Bomat Courier is another card that may have legs outside of Standard. It has ticked up a little bit in price on the speculation that red is great. Now that we know red is still great, is the card fixed in place or does it have room to grow?

I think that in order for this card to make the next step, somebody will need to find a place for it in Legacy or Modern. Is this card Affinity material? Red Deck Wins in Modern?

I feel like it has potential to make the jump. It can go up if that is the case. However, if it doesn't it'll slip. Hold or sell accordingly.

If I had to make a prediction, I'd say this will be the most popular deck in Standard. First of all, it's a good deck. Second of all, it's probably the most "fun" to play, according to the common definition.

Personally, I don't believe that "fun to play" is even a real thing. I like to win. If my cards enable that, I enjoy playing them. However, not everyone is so competitively minded.

People like to play decks that "do a bunch of stuff." Temur Energy certainly does a bunch of stuff. All of the cards draw cards, generate energy, and have abilities. There are a lot of decisions to be made and a lot of lines of play that can be adopted.

I think this is the deck that the most people will gravitate toward. So how can we exploit that in terms of investing?


Glorybringer seems like a good place to start. It's a great card and very powerful. It's one of the few chase rares that are present in any of these top-tier decks, which is strange.

It is interesting that most of the top decks right now are a collection of commons and uncommons rather than a bunch of insane mythics. Personally, I think this is a good thing for the majority of players. I've certainly played formats where the decks are all a bunch of mythics, and it's nice not to have to spend a fortune to play Standard.


There is a possibility for making some walking-around money by betting on some of the commons and uncommons. Longtusk Cub, Abrade, Whirler Virtuoso, Harnessed Lightning, and Rogue Refiner are all cards that could be in high demand for the next year. I mean, just look at Fatal Push! Investment all-star!


I've been on the Bristling Hydra train for a while now. I've probably mentioned investing in this card at least six times over the past three months. It has ticked up significantly over the weekend. I'd recommend trying to find cheap copies now, while they still potentially exist on TCGplayer or eBay, or at the LGS. Hydra is a format-defining card.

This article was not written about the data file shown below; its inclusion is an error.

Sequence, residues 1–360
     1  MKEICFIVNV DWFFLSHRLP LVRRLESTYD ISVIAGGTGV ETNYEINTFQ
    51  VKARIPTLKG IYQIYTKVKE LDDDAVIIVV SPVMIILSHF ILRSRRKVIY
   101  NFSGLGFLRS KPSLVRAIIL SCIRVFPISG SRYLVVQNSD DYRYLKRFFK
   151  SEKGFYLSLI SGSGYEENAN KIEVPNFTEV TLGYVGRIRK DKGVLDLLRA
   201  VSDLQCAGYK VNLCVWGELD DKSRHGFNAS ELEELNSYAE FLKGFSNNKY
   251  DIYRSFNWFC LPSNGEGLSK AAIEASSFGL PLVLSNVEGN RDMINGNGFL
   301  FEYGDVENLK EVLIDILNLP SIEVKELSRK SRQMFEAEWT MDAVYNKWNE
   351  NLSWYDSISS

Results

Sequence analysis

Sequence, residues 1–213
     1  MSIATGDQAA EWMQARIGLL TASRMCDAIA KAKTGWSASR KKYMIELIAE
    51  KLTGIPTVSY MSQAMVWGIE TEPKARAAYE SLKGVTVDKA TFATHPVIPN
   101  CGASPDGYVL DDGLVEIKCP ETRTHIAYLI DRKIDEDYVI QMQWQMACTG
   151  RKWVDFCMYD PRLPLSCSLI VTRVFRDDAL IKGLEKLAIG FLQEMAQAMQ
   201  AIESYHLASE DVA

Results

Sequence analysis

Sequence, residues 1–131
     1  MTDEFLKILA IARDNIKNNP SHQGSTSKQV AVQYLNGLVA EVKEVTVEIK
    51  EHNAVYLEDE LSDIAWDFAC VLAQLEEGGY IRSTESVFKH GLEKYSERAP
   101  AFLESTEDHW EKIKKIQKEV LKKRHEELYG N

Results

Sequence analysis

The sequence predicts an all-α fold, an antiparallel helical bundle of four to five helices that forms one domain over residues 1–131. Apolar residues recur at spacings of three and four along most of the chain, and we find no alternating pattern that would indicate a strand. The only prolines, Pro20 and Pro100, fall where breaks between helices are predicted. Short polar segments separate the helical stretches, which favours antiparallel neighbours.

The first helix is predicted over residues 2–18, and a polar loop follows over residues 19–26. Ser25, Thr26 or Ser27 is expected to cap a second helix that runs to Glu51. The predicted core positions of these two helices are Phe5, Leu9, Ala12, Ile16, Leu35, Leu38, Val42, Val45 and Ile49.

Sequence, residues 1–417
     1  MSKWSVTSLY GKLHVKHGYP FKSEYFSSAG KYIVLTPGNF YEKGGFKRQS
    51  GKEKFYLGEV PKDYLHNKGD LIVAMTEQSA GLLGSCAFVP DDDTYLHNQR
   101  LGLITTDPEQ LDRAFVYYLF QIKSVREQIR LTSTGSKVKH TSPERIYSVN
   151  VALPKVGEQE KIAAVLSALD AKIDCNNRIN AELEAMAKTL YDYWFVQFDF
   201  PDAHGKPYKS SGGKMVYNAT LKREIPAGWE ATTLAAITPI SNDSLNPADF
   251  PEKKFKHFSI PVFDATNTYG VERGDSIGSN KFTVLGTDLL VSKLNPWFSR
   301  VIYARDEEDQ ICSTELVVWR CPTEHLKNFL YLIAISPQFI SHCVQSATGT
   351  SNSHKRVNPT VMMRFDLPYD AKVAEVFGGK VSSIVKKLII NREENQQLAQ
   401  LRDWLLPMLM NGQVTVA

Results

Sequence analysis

Last but not least, it may be a good time to make a move on the Kaladesh block enemy fast lands. They've dropped off a little bit but are fantastic cards that will have applications throughout this Standard season and on into other formats in the future. You only get so many opportunities to pick these up for a few bucks before they go crazy.

Conclusion

I don't think Worlds taught us a ton about Standard that we didn't already anticipate over the past few weeks. Temur Energy and Red Deck Wins are the best decks in the format. It was cool to see a control deck come out of the shadows and leave a mark on the format.

Search for Azcanta // Azcanta, the Sunken Ruin was the main breakout card. The big question is whether the deck is real or just had shock value in a format where players didn't prepare for it. I'm curious to find out. Also, if you can find a home for Search for Azcanta // Azcanta, the Sunken Ruin outside of Standard it could be a real breakout financial card. I have my reservations, but I'm going to be trying it out in Legacy and Modern in the coming week.

Stick to the good cards and it'll make that consistent coin. Really liking the fast lands right now, as well as the rares from Temur Energy. These feel like the Standard cards that will have the highest overall demand in the coming month. I don't anticipate the Pro Tour will destabilize the current metagame dynamic.

Welcome to Standard!